Around the same time, fusillades of bullets shattered the clinking of wine glasses in a trendy Paris neighborhood as gunmen targeted a string of cafes, which were crowded on an unusually balmy November night. At least 37 people were killed, according to Paris Prosecutor Francois Molins.
The attackers next stormed the Bataclan concert hall, which was hosting the American rock band Eagles of Death Metal. They opened fire on the panicked audience and took members hostage. As police closed in, three detonated explosive belts, killing themselves, according to Paris police chief Michel Cadot.
Another attacker detonated a suicide bomb on Boulevard Voltaire, near the music hall, the prosecutor's office said.
The Bataclan was the scene of the worst carnage.
Graphic and disturbing video shot from an apartment balcony and posted on Le Monde's website Saturday captured some of that horror as dozens of people fled from gunfire outside the Bataclan down a passageway to a side street.
In the video, at least one person lies writhing on the ground as scores more stream past, some of them bloodied or limping. The camera pans down the street to reveal more fleeing people dragging two bodies along the ground. A woman and two others can be seen clinging to upper-floor balcony railings in an apparent desperate bid to stay out of the line of fire.
Le Monde said its reporter who filmed the scene from his apartment balcony, Daniel Psenney, was shot in the arm when he stopped filming and went downstairs to help someone who had collapsed in the alley.
Sylvain, a tall, sturdy 38-year-old concertgoer, collapsed in tears as he recounted the attack, the chaos and his escape during a lull in gunfire.
"I was watching the concert in the pit, in the midst of the mass of the audience. First I heard explosions, and I thought it was firecrackers.
"Very soon I smelled powder, and I understood what was happening. There were shots everywhere, in waves. I lay down on the floor. I saw at least two shooters, but I heard others talk. They cried, 'It's Hollande's fault.' I heard one of the shooters shout, 'Allahu Akbar,'" Sylvain told The Associated Press. He spoke on the condition that his full name not be used out of concern for his safety.
He was among dozens of survivors offered counseling and blankets in a municipal building set up as a crisis center.
Jihadis on Twitter immediately praised the attackers and criticized France's military operations against Islamic State extremists.
Hollande declared a state of emergency and announced renewed border checks along frontiers that are normally open under Europe's free travel zone.
In a televised Friday night address he appealed to citizens to maintain "a determined France, a united France, a France that joins together and a France that will not allow itself to be staggered, even if today there is infinite emotion faced with this disaster, this tragedy, which is an abomination, because it is barbarism."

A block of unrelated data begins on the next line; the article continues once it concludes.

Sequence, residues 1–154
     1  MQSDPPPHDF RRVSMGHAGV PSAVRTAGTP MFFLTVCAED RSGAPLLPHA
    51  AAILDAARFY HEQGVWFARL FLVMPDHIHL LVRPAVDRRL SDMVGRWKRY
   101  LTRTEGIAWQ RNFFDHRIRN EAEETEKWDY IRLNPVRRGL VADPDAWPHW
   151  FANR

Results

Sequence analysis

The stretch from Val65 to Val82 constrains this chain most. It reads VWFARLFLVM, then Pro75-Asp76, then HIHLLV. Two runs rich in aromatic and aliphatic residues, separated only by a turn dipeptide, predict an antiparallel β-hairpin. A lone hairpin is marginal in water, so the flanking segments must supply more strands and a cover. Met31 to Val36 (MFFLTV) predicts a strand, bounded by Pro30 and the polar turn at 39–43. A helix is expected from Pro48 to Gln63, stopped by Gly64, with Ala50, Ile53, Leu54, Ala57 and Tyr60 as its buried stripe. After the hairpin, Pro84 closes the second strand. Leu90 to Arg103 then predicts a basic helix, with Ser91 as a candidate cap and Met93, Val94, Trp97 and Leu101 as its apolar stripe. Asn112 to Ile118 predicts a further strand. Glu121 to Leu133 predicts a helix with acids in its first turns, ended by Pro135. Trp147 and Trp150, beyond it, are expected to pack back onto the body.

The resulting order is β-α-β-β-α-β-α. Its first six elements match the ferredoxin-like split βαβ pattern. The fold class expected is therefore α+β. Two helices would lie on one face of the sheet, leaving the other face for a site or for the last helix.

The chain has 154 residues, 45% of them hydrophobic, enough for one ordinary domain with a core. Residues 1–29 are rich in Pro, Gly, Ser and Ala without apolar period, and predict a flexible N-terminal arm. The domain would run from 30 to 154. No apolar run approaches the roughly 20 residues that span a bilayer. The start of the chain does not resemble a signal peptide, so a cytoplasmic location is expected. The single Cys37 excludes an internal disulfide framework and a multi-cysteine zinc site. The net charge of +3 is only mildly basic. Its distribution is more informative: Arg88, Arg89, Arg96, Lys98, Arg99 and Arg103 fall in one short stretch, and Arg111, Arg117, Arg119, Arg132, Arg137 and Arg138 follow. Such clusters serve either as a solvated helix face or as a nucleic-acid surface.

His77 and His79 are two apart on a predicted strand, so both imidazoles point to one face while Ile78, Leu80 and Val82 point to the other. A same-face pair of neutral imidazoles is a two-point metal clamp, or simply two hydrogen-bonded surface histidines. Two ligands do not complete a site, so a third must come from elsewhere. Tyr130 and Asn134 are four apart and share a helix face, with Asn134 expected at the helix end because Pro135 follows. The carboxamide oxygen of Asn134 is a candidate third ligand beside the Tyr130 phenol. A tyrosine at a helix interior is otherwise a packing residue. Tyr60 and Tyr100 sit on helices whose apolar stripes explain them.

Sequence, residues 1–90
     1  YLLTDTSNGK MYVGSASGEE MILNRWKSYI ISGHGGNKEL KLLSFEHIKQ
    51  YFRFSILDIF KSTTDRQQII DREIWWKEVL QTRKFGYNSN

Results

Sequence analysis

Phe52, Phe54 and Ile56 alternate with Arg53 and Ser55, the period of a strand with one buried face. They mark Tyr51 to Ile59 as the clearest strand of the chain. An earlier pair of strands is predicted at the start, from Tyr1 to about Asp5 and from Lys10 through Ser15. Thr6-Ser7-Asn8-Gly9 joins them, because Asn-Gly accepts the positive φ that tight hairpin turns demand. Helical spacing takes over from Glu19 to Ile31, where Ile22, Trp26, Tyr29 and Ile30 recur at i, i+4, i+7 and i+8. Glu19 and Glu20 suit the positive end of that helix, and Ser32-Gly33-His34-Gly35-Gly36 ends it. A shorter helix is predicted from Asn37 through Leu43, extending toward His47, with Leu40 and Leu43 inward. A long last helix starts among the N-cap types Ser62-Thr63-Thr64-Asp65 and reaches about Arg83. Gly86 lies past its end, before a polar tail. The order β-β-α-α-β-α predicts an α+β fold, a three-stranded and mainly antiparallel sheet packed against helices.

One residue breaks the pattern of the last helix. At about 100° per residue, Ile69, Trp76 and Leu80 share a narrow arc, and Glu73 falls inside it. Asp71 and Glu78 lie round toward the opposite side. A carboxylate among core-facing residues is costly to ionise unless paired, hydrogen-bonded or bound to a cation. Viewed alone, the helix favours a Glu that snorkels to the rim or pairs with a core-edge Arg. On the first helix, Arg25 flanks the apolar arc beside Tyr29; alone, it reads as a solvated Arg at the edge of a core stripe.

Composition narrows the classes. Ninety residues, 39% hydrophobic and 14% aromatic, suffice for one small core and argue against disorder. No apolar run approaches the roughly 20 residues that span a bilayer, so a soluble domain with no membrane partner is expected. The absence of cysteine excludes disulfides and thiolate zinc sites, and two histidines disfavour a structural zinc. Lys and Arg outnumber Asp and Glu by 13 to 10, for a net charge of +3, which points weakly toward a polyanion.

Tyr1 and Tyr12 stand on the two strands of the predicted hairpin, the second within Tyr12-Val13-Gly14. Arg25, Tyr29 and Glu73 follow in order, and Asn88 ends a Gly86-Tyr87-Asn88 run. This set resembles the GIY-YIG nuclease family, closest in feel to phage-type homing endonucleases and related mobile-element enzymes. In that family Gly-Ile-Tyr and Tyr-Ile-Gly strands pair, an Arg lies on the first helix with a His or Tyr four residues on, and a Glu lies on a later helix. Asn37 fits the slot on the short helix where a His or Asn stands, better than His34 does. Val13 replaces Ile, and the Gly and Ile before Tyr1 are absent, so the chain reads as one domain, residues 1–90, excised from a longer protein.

President Barack Obama, speaking to reporters in Washington, decried an "attack on all humanity."
A U.S. official briefed by the Justice Department says intelligence officials were not aware of any threats before Friday's attacks.
Paris is expected to host 80 heads of state, including Obama, for a climate summit in two weeks. In June, France is scheduled to host the European soccer championship -- with the Stade de France a major venue.
And Paris-based UNESCO is expecting world leaders Monday for a forum about overcoming extremism. Iranian President Hassan Rouhani canceled a trip because of Friday's attacks. Hollande canceled a planned trip to this weekend's G-20 summit in Turkey.
France has been on edge since January, when Islamic extremists attacked the satirical newspaper Charlie Hebdo, which had run cartoons of the Prophet Muhammad, and a kosher grocery. Twenty people died in those attacks, including three shooters.
France has seen several smaller-scale attacks or attempted attacks this year, including on a high-speed train in August when American travelers overpowered a heavily armed man.
French authorities are particularly concerned about the threat from hundreds of French Islamic radicals who have traveled to Syria and returned home with skills to mount attacks.
"The big question on everyone's mind is: Were these attackers -- if they turn out to be connected to one of the groups in Syria -- were they homegrown terrorists or were they returning fighters?" said Brian Michael Jenkins, a terrorism expert and senior adviser to the president of the Washington-based RAND Corporation. "That will be a huge question."